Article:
As the Star Tribune notes, the few who show up tonight get the first shot at shaping the issues and races that will define this year - and can help to narrow the governor's race that currently boasts a field of 25. Despite 2010 not being a presidential or senate election year, which helps to draw greater participation, it is still a critical time for Minnesota in determining what comes next - in policy, politics, and the Governor's Mansion.
Want to make your political move? Find out where by using the Precinct Caucus Finder, a tool developed by the Secretary of State’s office with cooperation from Minnesota's political parties, for a one-stop, easy-to-use online search tool. Read the FAQs below to learn more about caucusing or visit the Secretary of State online for more details.
Don't leave your political destiny up to the Groundhog - you can have your say in what these coming weeks and months will bring.
Precinct caucuses are meetings organized by Minnesota’s political parties to begin the process of selecting candidates for the 2010 election and policy positions to shape the party platform. Caucuses are held in locations across Minnesota, are open to the public, and participation is encouraged.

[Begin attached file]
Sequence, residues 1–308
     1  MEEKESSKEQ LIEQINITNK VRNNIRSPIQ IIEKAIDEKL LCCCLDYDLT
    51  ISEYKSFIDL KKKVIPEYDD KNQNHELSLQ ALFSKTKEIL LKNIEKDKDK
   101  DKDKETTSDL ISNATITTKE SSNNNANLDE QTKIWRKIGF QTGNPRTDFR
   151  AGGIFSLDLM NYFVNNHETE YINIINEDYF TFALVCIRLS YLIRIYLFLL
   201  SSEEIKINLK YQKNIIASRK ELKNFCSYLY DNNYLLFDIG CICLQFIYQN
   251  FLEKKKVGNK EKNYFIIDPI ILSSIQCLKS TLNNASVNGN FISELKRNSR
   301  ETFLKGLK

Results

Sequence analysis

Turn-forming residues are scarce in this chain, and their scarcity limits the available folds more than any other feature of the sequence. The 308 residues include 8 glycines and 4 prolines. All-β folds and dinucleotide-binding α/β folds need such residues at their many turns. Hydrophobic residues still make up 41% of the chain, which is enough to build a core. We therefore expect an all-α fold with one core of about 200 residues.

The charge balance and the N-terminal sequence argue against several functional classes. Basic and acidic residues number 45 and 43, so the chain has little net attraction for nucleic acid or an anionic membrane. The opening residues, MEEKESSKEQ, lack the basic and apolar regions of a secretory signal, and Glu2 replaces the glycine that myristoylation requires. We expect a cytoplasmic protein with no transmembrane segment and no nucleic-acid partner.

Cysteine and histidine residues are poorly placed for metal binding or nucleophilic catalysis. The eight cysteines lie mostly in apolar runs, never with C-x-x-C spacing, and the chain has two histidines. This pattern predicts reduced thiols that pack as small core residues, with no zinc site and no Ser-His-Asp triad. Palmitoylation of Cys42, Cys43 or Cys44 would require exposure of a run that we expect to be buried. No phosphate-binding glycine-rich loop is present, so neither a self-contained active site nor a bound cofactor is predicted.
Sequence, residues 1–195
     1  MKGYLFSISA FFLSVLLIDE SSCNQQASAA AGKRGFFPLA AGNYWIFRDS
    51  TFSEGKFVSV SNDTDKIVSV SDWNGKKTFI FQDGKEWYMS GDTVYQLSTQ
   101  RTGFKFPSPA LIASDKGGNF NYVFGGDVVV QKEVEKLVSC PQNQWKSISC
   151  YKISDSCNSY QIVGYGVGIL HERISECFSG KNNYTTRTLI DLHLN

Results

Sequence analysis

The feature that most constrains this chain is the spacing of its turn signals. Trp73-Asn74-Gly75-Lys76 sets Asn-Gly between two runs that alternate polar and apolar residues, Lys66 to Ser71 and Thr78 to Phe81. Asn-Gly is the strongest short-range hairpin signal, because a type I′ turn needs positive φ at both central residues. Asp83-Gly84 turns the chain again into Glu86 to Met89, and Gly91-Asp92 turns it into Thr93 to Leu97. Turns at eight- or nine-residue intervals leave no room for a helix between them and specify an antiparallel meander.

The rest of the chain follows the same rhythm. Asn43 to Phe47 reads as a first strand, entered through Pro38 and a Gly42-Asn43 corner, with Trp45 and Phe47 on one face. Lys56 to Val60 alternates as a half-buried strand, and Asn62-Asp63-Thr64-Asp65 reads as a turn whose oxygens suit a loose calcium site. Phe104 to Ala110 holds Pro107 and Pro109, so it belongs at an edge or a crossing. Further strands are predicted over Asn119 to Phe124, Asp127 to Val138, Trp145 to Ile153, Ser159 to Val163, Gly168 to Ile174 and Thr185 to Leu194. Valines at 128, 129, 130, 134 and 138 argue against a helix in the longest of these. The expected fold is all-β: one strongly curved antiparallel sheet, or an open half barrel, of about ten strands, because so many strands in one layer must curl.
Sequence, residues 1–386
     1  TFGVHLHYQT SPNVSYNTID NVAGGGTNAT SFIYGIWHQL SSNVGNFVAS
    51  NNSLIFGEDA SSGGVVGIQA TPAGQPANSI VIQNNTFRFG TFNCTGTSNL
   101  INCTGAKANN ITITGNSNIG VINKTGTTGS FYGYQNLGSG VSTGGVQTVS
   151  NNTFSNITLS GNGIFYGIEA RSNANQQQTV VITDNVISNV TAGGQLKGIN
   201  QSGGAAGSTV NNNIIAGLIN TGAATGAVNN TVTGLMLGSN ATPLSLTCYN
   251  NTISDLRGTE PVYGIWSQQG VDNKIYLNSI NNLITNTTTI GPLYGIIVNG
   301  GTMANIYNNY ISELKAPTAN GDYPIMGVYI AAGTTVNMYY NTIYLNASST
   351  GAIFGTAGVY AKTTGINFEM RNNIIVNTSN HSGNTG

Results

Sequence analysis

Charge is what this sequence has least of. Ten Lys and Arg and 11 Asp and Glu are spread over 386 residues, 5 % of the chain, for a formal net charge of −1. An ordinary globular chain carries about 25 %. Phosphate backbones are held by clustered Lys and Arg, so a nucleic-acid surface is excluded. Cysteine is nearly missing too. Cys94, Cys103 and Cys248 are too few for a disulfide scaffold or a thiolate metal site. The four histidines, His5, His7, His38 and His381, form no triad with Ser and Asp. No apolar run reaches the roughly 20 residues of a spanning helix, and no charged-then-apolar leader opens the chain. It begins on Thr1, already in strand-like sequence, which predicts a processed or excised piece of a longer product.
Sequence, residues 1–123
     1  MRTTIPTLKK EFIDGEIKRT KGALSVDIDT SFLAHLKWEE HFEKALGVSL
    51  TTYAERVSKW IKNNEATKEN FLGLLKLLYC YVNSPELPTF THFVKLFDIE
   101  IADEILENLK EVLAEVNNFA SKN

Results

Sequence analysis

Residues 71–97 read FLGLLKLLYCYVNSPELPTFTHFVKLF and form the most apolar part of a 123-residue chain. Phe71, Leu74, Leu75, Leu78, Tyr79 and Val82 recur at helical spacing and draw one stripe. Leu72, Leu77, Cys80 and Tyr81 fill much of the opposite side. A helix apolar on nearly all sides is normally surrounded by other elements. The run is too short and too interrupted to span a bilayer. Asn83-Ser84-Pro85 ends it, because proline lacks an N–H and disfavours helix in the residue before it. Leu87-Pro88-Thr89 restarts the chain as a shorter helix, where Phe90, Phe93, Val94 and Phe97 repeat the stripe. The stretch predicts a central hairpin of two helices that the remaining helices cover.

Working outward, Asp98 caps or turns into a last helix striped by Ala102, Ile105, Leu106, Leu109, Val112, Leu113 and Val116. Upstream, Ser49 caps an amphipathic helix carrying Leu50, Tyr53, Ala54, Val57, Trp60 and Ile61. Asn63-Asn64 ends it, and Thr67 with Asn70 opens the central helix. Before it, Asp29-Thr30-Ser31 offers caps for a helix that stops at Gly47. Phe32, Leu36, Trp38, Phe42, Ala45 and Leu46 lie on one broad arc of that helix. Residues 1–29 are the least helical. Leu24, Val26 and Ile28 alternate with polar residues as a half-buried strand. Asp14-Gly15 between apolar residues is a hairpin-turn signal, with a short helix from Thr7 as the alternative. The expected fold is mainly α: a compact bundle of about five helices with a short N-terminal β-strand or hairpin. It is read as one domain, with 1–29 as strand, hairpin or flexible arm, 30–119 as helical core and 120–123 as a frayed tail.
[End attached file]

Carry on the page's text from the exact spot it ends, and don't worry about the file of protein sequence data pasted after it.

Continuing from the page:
Q: What is a precinct caucus?
A: A caucus is a meeting organized by Minnesota's political parties where citizens can engage each other in a conversation about which candidates to support in the 2010 election and what public policy positions should be adopted as part of the party's platform.
Q: Who can attend a caucus?
A: Precinct caucuses are open to the public and participation is encouraged by the political parties. In order to vote, offer resolutions or become a delegate at a precinct caucus, attendees must be eligible to vote in the 2010 general election, live in the precinct, and be in general agreement with the principles of the political party.
Q: What do caucus attendees do?
• Discuss public policy issues and pass resolutions.
Caucuses provide a forum for citizens to engage their neighbors in conversation on a wide range of public policy and political issues. Attendees may also offer and vote on resolutions to shape the party's platform.
• Vote in a straw poll.
Political parties may conduct a straw poll to gauge caucus attendees' candidate preferences for state or federal elected offices.
• Elect precinct officers.
Caucus attendees elect officers who will be responsible for organizing political activities within the precinct.
• Elect delegates.
Caucus attendees elect delegates and alternates to represent their precinct at the political party's county or district convention. District convention delegates, in turn, elect delegates to the political party's congressional and state conventions. Delegates influence which candidates and policy positions their party ultimately endorses.
Source: Minnesota Secretary of State
Photo Credit: Knol